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By A Customer on June 14, 2003
Format: Audio CD
Finally, Finally...4 of the lost 6 are available on CD. 'On The Beach', once deemed subpar upon release and ignored, has now gained legendary status among critics and Neil's fans, probably in large part to its "vinyl only" status--not even available on cassette! 'On The Beach', 'Time Fades Away' and 'Tonights The Night' are Neil's greatest trilogy, each hated when they came out since everyone wanted another 'Harvest'. Now everyone knows differently. I have come to prefer the harrowing songs of 'On The Beach' more than the more popular 'Night.' (save for the greatest road song ever written, "Albuquerque.") The deeply expressive "Ambulance Blues" involves many things--Neil's personal trials regarding the people around him, the end of the 60's, and Watergate. "Revolution Blues" and "On The Beach" evoke an anger at the society of the times and represent Neil's most effective songwriting.
If you are curious about all four of these formerly "lost" albums, but not sure which to buy, make certain "On The Beach" is the first. The other three are not nearly as artistically strong or interesting, save for "Like A Hurricane" on 'American Stars and Bars', a collection of unreleased tracks in 1977. However, all four are still essential to Neil's fans or completists. Hopefully they will be able to get "Time Fades Away" remastered eventually--the master tapes, I've heard, have some mastering problems that can't be overcome at the moment.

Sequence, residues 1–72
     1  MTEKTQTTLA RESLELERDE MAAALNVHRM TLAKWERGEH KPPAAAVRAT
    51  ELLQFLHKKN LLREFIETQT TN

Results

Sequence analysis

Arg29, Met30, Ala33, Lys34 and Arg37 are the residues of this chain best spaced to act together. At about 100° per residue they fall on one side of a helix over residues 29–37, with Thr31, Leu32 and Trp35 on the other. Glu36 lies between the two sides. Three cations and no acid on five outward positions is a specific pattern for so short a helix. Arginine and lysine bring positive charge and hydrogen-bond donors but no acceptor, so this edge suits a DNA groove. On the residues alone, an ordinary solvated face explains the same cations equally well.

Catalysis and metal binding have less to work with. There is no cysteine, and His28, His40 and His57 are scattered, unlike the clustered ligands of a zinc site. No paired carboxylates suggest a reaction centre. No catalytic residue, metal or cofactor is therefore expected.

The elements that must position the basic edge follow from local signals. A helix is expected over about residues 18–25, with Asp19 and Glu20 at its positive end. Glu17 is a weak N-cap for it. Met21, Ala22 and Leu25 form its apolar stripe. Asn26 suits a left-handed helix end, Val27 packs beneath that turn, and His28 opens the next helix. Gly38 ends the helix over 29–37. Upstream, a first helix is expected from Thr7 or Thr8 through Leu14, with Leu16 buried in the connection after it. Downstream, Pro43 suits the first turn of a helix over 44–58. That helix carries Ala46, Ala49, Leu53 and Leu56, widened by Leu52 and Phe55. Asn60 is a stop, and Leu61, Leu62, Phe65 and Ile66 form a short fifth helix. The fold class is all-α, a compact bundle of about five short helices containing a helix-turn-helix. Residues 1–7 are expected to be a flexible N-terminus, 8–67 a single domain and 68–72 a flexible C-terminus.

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Format: Audio CD
[WARNING: Long review]
Neil Young is a widely varying, sometimes frustratingly inconsistent artist. However, he was clearly at his peak in the late '60s and early '70s, putting out at least five studio albums that could be deemed classic: Everybody Knows This Is Nowhere, After The Gold Rush, Tonight's The Night, On The Beach, and Zuma.
You may notice I didn't put Harvest in that list. While Harvest is certainly a good album, it's almost TOO accessible and tries too hard, in my opinion, to be commercially successful. It also suffers from the two London Symphony Orchestra tracks. Neil's best work often came when he didn't give a damn about what his audience or record label wanted, and so that puts Harvest out of the running for best in my book. After The Gold Rush was a great album, as was Everybody Knows.. and Zuma, but each album had one or two tracks that didn't feel up to par.
That leaves just two PERFECT Neil albums, both released in the dark period of the early Seventies after losing Bruce Berry and Danny Whitten (members of his backing band Crazy Horse) to drug abuse. Tonight's The Night is a dark, harrowing, bleak trip through a shattered hippie dream, an amazing album but nowhere near accessible, maybe a little TOO dark for some. 1974's On The Beach is more easily digestible and lighter, but still quite bleak and very personal. It has remained inexplicably out of print for almost 25 years, but thankfully Neil has brought it back with a remaster (now, if he would only release Time Fades Away to complete the "Doom Trilogy").
On The Beach ranges from moodily atmospheric (the title track) to quite upbeat (Walk On) but throughout Neil's mood is bitter and confessional.